Governor’s office appeals judge’s ruling that ends teacher tenure
California's Superintendent of Public Instruction Tom Torlakson has criticized a recent state judge's ruling that struck down fixed tenure and other job protections for teachers of public schools.
After tentatively ruling in June this year that teacher tenure protections violate California constitution, Los Angeles County Superior Court Judge Rulf Treu struck down teacher tenure in his final ruling on Thursday last week.
Judge Treu ruled that fixed tenure for teachers deprive some of the state's more than six million students, particularly minorities, of quality education. The lawsuit, Vergara vs. California, was brought by Beatriz Vergara and eight other students who claimed that they were saddled with inefficient teachers who came to school unprepared and allowed classrooms to get out of control.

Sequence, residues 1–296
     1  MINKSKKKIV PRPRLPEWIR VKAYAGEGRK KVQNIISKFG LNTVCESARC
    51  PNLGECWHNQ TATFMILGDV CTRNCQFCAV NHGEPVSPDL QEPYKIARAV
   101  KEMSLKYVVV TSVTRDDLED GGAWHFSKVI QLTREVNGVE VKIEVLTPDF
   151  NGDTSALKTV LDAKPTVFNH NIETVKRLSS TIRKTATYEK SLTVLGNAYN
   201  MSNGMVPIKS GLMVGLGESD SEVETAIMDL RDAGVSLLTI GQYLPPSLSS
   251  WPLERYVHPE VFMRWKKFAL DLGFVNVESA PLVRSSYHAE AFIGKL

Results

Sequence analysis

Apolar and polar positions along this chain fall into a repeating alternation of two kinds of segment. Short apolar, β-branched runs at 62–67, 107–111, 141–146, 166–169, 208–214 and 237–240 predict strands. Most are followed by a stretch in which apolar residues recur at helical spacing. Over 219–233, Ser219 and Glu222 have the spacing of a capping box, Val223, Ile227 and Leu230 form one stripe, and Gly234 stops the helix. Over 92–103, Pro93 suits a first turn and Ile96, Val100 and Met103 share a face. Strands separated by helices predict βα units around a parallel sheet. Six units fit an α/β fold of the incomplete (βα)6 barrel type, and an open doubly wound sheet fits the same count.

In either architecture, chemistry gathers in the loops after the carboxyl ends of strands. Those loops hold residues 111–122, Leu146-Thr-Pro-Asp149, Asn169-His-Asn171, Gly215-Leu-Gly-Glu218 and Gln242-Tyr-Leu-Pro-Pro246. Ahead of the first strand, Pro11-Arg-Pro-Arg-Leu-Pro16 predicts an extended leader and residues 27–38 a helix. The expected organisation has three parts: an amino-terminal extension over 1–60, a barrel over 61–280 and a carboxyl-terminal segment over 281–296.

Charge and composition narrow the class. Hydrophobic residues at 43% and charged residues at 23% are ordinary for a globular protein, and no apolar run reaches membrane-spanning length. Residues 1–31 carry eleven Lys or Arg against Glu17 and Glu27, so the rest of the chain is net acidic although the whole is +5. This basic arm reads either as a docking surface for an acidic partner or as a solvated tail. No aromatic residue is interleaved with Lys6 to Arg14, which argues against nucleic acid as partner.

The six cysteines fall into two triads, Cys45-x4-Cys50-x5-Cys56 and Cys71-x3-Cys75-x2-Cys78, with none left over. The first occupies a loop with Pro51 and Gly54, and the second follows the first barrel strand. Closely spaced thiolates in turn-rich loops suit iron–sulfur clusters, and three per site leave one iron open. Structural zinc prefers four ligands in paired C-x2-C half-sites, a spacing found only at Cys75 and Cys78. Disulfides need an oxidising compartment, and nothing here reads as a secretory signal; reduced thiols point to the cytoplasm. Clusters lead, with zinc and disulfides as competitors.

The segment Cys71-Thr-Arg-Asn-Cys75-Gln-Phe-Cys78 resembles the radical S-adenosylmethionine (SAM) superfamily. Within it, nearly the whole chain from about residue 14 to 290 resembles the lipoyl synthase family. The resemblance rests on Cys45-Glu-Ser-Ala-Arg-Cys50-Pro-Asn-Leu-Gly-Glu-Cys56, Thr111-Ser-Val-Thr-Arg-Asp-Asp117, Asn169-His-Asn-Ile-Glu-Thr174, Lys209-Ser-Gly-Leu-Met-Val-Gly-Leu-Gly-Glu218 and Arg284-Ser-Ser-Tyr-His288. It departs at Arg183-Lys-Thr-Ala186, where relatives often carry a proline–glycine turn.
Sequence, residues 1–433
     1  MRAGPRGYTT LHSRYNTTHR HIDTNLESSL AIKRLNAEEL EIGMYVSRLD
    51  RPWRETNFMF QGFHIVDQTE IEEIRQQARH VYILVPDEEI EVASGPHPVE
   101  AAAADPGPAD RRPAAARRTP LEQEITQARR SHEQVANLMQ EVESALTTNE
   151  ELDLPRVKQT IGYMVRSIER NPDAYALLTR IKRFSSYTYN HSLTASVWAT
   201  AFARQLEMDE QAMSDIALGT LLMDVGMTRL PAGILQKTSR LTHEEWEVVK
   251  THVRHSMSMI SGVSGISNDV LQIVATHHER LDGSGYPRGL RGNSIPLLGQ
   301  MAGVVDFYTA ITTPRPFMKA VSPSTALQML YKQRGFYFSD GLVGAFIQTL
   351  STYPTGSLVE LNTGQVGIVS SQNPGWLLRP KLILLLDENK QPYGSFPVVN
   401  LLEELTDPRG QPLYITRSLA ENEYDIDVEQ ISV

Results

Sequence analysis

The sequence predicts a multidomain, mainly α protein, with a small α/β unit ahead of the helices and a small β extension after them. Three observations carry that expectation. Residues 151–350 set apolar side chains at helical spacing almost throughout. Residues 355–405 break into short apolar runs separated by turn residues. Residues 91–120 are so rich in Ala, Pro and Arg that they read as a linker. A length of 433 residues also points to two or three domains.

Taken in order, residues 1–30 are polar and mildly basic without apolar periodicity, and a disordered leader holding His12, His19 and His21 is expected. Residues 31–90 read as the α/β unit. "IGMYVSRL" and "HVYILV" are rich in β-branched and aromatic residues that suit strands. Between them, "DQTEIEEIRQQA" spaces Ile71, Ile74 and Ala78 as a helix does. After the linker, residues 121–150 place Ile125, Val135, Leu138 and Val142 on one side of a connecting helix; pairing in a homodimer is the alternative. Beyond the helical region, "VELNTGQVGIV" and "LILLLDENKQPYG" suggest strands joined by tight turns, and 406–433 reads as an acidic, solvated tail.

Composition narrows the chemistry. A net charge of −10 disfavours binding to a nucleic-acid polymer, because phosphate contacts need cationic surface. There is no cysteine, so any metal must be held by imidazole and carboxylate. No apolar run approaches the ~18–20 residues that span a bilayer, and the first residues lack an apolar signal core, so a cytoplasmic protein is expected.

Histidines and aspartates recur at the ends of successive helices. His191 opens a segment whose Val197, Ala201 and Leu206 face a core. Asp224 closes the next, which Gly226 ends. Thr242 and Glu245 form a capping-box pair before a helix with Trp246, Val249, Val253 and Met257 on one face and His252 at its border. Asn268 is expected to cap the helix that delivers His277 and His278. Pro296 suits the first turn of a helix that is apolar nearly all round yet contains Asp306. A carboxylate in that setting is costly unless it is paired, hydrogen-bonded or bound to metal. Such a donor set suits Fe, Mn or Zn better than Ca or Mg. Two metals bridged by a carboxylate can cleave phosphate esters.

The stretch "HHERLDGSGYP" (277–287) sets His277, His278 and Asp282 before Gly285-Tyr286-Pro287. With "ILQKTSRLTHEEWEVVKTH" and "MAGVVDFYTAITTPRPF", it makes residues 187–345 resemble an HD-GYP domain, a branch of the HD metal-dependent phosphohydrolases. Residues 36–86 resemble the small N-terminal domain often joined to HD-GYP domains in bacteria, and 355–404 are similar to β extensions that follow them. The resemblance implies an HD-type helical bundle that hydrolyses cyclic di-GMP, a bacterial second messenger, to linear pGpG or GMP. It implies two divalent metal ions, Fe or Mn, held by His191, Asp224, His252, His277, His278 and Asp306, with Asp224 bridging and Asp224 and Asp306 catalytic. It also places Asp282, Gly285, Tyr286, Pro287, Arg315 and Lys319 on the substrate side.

But Torlakson, who was among those named in the lawsuit, argued that the ruling was not supported by facts, and that it was too vague to guide lawmakers in making changes. He stressed that teachers were being held responsible unfairly for failings in the state's educational system.
Criticizing the ruling, Torlakson said, "We do not fault doctors when the emergency room is full. Yet while we crowd our classrooms and fail to properly equip them with adequate resources, those who filed and support this case shamelessly seek to blame teachers who step forward every day to make a difference for our children."
Democratic Governor Jerry Brown's office has already appeal the ruling, arguing that Judge Treu's final ruling lacked detail and failed to provide the legal foundation for the decision.
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